Although the accompanying triaxial diagram shows the relative proportions of nitric acid, acetic acid and sulfuric acid in a system consisting only of these three components, water may also be present. For example, a bath containing a ratio of nitric acid, acetic acid, and sulfuric acid selected from the diagram may be diluted with a certain amount of water. The amount of water that may be added without impairing the character of the etchant solution depends to a large extent upon the etching rate desired. For example, the compositions may be used without any added water. Conversely, the compositions may be diluted to the point where they represent as little as 1% or less of a water solution. The character of the composition will remain the same under these latter conditions; however, the rate of etch will drop off quite rapidly as such extreme dilutions are approached. In the most preferred embodiments of the present invention, the nitric acid, acetic acid, sulfuric acid composition represents from about 25% to about 50%, by volume, of the etchant bath. By carefully adjusting the concentration of the several ingredients and Water finely controlled etching rates can be achieved.

The temperatures at which the etching of copper based and nickel based metals is accomplished in these etching compositions is usually between about C. and 77 C; although, room temperature is preferred. Ambient temperatures are especially desirable in the practice of the present invention as higher temperatures may result in the production of unwanted and dangerous nitrogen dioxide fumes. At temperatures higher than about 77 C., such fumes may begin to form. The temperature of the etc'hant compositions will, of course, have an effect on the rate at which etching proceeds.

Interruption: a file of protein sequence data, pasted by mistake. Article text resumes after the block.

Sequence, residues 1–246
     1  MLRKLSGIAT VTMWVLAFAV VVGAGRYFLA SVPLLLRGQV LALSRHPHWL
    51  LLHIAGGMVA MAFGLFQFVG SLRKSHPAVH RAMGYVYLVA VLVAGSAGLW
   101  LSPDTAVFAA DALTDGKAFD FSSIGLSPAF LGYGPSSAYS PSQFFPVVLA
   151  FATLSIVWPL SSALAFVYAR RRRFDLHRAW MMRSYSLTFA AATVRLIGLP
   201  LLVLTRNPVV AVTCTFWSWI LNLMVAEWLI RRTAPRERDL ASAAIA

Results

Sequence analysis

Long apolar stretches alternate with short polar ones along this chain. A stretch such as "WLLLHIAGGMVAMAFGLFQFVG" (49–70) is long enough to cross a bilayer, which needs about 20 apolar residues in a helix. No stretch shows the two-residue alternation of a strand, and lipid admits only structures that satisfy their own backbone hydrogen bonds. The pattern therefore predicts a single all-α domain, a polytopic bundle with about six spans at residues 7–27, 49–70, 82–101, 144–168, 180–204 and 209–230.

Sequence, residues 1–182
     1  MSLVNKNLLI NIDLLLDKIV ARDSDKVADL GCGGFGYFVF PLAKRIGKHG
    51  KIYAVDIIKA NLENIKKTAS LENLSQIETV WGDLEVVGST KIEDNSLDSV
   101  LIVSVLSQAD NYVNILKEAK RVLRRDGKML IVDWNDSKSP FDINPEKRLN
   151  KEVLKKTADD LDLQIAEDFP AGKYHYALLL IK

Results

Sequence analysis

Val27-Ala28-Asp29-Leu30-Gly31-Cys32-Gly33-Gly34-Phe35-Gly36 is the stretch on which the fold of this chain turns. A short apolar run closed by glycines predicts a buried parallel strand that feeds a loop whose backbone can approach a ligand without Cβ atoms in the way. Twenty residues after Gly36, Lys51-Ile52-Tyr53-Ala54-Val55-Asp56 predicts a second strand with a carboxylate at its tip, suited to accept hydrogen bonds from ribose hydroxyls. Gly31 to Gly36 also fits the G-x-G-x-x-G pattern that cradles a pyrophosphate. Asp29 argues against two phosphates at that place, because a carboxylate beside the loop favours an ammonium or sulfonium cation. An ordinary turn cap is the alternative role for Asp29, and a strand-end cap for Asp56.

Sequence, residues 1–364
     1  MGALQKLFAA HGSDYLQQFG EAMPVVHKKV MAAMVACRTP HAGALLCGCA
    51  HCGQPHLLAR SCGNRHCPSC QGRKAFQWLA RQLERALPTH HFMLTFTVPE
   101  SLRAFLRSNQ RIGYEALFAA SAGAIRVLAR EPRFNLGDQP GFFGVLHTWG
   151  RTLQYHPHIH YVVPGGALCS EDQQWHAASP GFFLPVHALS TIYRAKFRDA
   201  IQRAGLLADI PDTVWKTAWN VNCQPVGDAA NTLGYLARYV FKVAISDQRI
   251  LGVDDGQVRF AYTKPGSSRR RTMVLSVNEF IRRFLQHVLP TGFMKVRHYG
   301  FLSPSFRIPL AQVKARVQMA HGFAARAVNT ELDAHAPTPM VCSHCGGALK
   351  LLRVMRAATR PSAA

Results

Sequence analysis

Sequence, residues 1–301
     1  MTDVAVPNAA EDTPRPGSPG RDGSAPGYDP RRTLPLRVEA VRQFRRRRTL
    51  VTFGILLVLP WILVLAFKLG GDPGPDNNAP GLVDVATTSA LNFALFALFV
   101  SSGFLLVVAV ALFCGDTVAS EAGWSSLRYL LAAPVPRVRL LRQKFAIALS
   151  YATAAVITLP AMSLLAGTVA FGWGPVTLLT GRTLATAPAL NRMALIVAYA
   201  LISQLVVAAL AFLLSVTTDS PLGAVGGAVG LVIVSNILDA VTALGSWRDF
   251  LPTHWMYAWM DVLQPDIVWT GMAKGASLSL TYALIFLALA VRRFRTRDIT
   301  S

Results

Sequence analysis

Depending somewhat upon the temperature at which the bath is operated, upon the etching composition chosen, and upon the concentration of the etching composition, etching is usually completed within about 30 to 90 seconds; although, in some cases, the time of treatment can range from as little as 3 seconds to as much as one-half hour, again depending upon the make up, the concentration, and the temperature of the bath.

In addition to the three major constituents and water, the bath may also include minor amounts of other substances including other organic compounds or other acids or salts. Such additions of minor ingredients which do not change the operation of the bath are within the teaching of the present invention. Regardless of what other nonessential ingredients may be present in the bath, however, the relative proportions that the nitric acid, acetic acid, and sulfuric acid should bear to each other may be obtained from and are defined by the accompanying triaxial diagram.

'Unless otherwise specified, all percentages referred to herein will be understood to represent percentages by volume rather than by weight. Also, the terms nitric acid, acetic acid, and sulfuric acid referred to the respective commercial strength concentrated acids. In other words, nitric acid refers to commercial nitric acid which is HNO 30% water, and having a specific gravity of approximately 1.42, acetic acid refers to commercial glacial acetic acid, having a specific gravity of approximately 1.05, and sulfuric acid refers to commercial sulfuric acid consisting of 98% H 50 and having a specific gravity of approximately 1.84. It should also be further understood, that within the broad limits of additional water referred to above, dilute species of the same acids may be used.

As disclosed in the accompanying diagram and discussed herein, the etching compositions of this invention are composed of nitric acid, acetic acid, and sulfuric acid in combination. In general, the bath must contain at least approximately 25% nitric acid, or successful etching will not be obtained. Baths containing less than about 25% nitric acid tend not to etch the nickel based metals. When more than approximately 65 nitric acid is present, the compositions also tend to react only with the copper based metals and to etch the metal surfaces unevenly. However, regardless of the nitric acid content within the ranges taught by the present invention, none of the baths show any tendency toward fuming so long as they are utilized at temperatures below about 77 C. The acetic acid in the bath is quite important in controlling the etch rate between the dissimilar metals. As the concentration of acetic acid is decreased, the etch rate of the copper based metals is increased.

In connection with the foregoing discussion of the effect of the concentration of the various components on the character of the etchant, it will be understood that no shap transition takes place in the nature of the bath at the defined concentration limits. These limits merely define what may be termed threshold zones, and the satisfactory use of the etchant gradually decreases as these limits are approached and crossed.